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Turkish, Western traditions in harmony

The concert began with a rumble of drums, followed by a blare of trumpets and shawms of the sort that must have terrified Vienna when the Ottomans besieged the city in 1683. It ended with a laughing arrangement of Mozart’s ‘‘Rondo alla Turca,’’ written a century later, when the Turks’ influence had permeated Vienna in the form of strong coffee, fancy dress, such new instruments as the cymbals and triangle, and the ‘‘Janissary stop’’ on the early piano (a pedal that rang a small bell).

One rarely hears a cross-cultural program as topical, thought-provoking, and entertaining as the exploration of 15th- to 18th-century Turkish and Western music organized by Joel Cohen and Mehmet Ali Sanlikol and presented Friday at Suffolk University’s Walsh Theater. Cohen heads the Boston Camerata, the distinguished early-music ensemble, and Sanlikol leads Dünya, a Boston-based consort specializing in Turkish music, and the New England Metterhane, a Janissary or military band. From either side of the stage, the ensembles took turns illustrating their cultures’ music for sacred or public ceremonies, warmongering, and lovemaking.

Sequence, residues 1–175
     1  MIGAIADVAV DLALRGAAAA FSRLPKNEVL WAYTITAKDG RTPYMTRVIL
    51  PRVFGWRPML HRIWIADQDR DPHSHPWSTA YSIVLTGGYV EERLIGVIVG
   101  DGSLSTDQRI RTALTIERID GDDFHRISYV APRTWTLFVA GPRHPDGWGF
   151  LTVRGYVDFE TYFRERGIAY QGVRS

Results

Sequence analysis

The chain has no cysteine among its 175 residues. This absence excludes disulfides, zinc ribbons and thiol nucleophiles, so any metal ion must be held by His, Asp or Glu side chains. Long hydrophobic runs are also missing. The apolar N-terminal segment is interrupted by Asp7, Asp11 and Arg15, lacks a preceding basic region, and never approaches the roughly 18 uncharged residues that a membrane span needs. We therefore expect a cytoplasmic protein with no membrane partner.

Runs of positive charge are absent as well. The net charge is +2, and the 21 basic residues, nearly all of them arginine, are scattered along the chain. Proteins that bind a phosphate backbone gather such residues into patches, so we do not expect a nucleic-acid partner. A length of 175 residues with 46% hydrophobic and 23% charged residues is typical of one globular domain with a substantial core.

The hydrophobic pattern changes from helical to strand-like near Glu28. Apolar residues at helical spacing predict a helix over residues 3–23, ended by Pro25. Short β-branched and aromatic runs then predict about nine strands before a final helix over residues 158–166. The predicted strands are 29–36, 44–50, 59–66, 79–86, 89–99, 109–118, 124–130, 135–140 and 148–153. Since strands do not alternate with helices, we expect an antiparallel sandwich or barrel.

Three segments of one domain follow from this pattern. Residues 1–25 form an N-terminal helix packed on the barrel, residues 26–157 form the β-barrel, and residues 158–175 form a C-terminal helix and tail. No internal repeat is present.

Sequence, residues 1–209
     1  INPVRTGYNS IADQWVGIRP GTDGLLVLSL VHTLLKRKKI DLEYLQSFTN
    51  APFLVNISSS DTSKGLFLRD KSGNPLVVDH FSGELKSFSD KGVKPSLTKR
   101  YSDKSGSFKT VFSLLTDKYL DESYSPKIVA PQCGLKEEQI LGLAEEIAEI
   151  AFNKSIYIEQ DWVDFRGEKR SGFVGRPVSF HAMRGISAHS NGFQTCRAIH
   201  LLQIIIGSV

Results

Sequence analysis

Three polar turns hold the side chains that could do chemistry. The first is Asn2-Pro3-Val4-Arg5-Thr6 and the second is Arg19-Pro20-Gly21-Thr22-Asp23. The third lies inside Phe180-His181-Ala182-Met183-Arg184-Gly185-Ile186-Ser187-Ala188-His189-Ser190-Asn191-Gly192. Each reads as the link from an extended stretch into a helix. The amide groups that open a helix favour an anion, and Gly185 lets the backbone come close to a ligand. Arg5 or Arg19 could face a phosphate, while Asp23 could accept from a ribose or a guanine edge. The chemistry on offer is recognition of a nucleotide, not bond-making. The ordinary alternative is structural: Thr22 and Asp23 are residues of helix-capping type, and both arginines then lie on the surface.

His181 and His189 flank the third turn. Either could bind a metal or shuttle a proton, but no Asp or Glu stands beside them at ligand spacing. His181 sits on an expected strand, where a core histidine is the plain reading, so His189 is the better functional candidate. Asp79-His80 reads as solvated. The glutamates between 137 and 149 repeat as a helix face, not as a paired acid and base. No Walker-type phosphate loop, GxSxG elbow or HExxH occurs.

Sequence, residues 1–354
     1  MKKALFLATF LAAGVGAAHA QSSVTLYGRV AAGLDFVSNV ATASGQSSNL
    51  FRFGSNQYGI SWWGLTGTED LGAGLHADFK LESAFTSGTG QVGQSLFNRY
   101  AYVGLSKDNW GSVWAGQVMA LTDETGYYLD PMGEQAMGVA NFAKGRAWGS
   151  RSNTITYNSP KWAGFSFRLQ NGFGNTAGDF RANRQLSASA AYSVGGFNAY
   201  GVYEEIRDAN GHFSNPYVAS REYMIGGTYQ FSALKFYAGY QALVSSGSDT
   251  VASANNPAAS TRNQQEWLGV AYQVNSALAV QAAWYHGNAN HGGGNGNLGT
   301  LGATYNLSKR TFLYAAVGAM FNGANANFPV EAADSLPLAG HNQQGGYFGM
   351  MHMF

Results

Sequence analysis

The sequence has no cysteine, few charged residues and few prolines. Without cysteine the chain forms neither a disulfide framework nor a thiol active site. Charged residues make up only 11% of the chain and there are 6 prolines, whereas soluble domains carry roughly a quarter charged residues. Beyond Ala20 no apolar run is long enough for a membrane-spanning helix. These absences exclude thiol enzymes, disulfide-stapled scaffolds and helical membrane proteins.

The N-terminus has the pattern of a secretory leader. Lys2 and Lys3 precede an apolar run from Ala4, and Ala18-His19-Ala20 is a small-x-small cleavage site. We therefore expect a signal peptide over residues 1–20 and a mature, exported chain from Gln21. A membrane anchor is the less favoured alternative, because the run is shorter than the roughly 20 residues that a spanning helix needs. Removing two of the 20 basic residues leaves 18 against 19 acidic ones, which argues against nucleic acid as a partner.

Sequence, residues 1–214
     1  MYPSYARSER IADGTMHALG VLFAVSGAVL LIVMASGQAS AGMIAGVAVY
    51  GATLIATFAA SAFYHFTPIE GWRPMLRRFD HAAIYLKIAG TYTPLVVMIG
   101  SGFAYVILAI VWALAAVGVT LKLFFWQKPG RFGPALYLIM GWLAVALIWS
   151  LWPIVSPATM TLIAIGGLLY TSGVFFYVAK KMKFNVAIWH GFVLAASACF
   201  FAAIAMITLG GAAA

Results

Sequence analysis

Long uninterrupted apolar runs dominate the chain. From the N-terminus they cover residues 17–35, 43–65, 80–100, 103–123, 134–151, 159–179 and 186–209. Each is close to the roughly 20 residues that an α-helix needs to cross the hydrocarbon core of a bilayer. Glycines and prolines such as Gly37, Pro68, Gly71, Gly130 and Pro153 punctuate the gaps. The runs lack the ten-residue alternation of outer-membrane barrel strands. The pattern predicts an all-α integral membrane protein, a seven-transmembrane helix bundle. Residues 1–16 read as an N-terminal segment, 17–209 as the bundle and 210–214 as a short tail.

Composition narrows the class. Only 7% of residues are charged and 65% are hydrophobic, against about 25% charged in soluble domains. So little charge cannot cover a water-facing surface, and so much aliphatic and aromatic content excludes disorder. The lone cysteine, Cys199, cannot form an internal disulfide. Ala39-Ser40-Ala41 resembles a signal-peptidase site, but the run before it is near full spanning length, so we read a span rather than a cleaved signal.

Every player had his or her flourish, but the stars were the leaders. Sanlikol, who moved to Boston from Turkey in 1993, sang Mosque chants, led the Janissary numbers with his shawm (an ancestor of the oboe), played the flute, and strummed a small lute in a hilarious epic ballad. Cohen, not to be outdone, sang two medieval songs, played the lute, and played Osmin in a brief spoken exchange from Mozart’s ‘‘Abduction From the Seraglio.’’ He also arranged the Mozart ‘‘Rondo’’ as a rollicking finale.

At first, the traditions seemed worlds apart. Turkish music is characterized by strong rhythms, lots of percussion, and single melodic lines, endlessly repeated and ornamented, with improvised solo riffs. Western music has a simpler melodic line, more orderly harmony, and, sometimes, polyphony (overlapping voices). Over time, however, what one heard seemed aspects of a unity — a metaphor, surely, for what the world needs more of. The program needs to be repeated, often and in many places.

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